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Author Topic: Network cable for audio  (Read 2957 times)

John L Nobile

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Re: Network cable for audio
« Reply #20 on: November 03, 2018, 12:05:41 pm »


The best thing to do is use the cable specs from Behringer/Midas.

Direct from Behringer/Midas
In order to ensure trouble-free operation when connecting X32 consoles to other X32 mixers or to S16 stage boxes, the following specifications should be met when choosing your cables:

Shielded Cat-5e cables only
Ethercon terminated cable ends
Maximum cable length 100 meters (300 feet)

The one thing that is not noted in this is that the ethercon shells must have continuity through them, to test this take a multimeter put one probe on one ethercon shell and the other probe on the other while the multimeter is set to continuity test. It should either beep or give you an onscreen message saying that there is continuity. This is to show that there is a grounded connection between the shells. If you don't follow these rules then you run the risk of damaging your AES50 ports on your gear, and Music Tribe will NOT offer warranty support on equipment using non spec cables. Many people have found this out the hard way.

You can add ethercon connectors to the cable you found on amazon but it is not a spec cable. The spec calls for Cat5e not Cat6, this is due to the difference in twists of the cable which can lead to sync errors because Cat6 has a higher twist meaning that in 1 foot of Cat6 cable there is more wire length internally vs Cat5e which has less twist to it. The devices were made to work with Cat5e and were not designed for Cat6 variants. The good news is Cat5e is cheaper.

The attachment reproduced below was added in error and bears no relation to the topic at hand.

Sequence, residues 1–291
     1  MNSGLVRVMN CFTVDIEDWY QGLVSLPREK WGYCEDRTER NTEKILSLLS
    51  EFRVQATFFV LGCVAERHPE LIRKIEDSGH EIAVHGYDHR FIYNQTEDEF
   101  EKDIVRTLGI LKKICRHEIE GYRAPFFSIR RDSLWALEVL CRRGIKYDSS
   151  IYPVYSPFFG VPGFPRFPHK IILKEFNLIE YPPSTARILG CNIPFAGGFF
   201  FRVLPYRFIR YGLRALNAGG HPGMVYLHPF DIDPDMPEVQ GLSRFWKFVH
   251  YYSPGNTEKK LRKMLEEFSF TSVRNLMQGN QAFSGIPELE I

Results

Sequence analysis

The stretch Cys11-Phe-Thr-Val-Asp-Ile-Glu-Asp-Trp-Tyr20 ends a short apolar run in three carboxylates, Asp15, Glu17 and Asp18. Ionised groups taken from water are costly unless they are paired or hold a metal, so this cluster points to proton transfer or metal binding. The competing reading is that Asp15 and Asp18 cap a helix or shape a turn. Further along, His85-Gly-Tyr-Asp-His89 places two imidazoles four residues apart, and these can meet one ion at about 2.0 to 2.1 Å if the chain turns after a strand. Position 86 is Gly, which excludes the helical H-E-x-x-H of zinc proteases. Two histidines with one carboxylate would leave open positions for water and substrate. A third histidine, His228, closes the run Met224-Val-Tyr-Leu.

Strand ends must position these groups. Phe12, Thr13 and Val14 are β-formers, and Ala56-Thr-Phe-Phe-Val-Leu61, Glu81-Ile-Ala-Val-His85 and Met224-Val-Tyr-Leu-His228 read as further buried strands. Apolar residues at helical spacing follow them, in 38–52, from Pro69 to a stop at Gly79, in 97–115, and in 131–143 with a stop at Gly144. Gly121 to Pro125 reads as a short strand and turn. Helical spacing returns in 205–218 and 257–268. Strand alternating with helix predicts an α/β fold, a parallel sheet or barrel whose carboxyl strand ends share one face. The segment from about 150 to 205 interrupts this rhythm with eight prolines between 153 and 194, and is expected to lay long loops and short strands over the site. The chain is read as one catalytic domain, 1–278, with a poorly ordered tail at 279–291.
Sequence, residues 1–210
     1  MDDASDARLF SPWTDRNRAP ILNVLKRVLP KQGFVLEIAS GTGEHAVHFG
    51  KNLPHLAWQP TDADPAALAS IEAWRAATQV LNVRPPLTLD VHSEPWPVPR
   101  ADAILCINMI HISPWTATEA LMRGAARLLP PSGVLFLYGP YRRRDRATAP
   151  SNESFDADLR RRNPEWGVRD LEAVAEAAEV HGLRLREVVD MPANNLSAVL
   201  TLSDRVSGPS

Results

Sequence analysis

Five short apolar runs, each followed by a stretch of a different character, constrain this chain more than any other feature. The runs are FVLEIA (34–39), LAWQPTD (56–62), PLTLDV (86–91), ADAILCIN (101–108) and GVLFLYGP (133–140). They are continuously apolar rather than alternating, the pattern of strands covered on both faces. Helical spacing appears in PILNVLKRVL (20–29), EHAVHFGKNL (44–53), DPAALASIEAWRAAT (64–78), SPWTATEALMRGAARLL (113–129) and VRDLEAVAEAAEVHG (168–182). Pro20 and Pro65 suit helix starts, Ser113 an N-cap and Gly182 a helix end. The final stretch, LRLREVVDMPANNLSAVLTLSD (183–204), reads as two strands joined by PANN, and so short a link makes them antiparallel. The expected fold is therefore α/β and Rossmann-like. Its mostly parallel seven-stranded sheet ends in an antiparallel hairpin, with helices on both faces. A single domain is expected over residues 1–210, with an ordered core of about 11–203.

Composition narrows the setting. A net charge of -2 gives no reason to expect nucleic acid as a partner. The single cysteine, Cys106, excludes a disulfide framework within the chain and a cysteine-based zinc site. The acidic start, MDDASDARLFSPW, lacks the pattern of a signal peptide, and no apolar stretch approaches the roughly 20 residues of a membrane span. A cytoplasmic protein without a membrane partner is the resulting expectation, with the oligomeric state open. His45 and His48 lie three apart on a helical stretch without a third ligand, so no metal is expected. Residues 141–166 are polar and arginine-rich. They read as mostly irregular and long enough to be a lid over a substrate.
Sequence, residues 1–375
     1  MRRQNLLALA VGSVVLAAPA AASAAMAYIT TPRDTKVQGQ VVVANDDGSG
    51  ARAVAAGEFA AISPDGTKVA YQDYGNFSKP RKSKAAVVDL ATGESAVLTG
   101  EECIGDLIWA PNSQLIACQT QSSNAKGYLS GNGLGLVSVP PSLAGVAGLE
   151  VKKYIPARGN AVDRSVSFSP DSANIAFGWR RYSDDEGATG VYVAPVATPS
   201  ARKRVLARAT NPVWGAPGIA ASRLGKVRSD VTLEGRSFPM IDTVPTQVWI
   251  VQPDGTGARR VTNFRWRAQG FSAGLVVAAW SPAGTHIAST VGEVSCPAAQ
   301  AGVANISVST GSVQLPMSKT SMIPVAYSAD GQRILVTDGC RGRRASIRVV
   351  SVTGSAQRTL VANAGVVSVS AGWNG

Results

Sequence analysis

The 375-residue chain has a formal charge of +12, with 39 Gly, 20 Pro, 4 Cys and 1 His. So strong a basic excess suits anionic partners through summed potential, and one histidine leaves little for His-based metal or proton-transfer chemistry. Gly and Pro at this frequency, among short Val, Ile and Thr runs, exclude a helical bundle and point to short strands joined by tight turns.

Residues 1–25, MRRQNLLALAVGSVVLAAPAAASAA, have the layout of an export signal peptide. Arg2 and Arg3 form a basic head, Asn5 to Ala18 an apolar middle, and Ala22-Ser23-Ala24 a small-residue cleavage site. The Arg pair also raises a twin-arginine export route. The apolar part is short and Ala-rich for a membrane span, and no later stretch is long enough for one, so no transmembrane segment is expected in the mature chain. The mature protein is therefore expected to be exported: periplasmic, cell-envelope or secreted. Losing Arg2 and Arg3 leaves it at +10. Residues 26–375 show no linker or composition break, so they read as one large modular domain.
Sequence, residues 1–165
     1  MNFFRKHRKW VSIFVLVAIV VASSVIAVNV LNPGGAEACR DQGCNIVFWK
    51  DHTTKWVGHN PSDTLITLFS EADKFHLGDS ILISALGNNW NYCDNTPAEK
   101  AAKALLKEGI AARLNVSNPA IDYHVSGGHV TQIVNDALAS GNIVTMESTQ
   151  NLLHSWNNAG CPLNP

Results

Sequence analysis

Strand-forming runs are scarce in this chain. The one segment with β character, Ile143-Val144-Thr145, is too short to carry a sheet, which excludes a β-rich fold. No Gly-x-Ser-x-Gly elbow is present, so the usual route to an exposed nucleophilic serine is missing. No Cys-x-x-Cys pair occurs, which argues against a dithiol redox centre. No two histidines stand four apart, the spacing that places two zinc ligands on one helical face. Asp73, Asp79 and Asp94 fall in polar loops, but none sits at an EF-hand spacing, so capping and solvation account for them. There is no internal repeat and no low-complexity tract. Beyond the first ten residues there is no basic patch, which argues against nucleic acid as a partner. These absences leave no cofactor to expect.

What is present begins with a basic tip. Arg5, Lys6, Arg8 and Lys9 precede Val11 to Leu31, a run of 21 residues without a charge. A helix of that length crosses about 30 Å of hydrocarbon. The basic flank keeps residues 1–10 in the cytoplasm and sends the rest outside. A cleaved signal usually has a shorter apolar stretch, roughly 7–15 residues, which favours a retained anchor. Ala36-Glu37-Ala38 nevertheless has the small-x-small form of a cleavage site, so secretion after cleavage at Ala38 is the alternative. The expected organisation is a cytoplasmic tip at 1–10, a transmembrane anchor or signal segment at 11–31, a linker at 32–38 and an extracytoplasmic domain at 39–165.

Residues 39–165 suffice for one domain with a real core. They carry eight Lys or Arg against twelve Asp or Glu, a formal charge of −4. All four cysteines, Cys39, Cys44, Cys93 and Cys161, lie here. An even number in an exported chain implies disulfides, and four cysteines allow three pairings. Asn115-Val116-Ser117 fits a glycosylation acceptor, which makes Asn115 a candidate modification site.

Good info. I thought I was overthinking this. I'm going to order the Ubiquiti ToughCable Carrier and roll my own cables. I've made quite a few network cables and they're all still working. And I have a good crimper and testers.
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Art Nadelman

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Re: Network cable for audio
« Reply #21 on: November 03, 2018, 12:28:06 pm »

Here's a great deal on eBay for an 80 meter (250 ft) cable.  I purchased one for myself and sent customers to him as well.  It's the same cable and spool sold by Mackie, Allen & Heath and no doubt, others for $900.  It's $200 here.

https://www.ebay.com/itm/Tour-Grade-80-Meter-250-Feet-Cat5e-Reel-w-Neutrik-Locking-EtherCON-Connectors/183511318851?epid=22019132754&hash=item2aba208143:g:ns8AAOSwJjZa8eGo:rk:2:pf:0
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Nick Falbo

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Re: Network cable for audio
« Reply #22 on: November 04, 2018, 07:29:23 pm »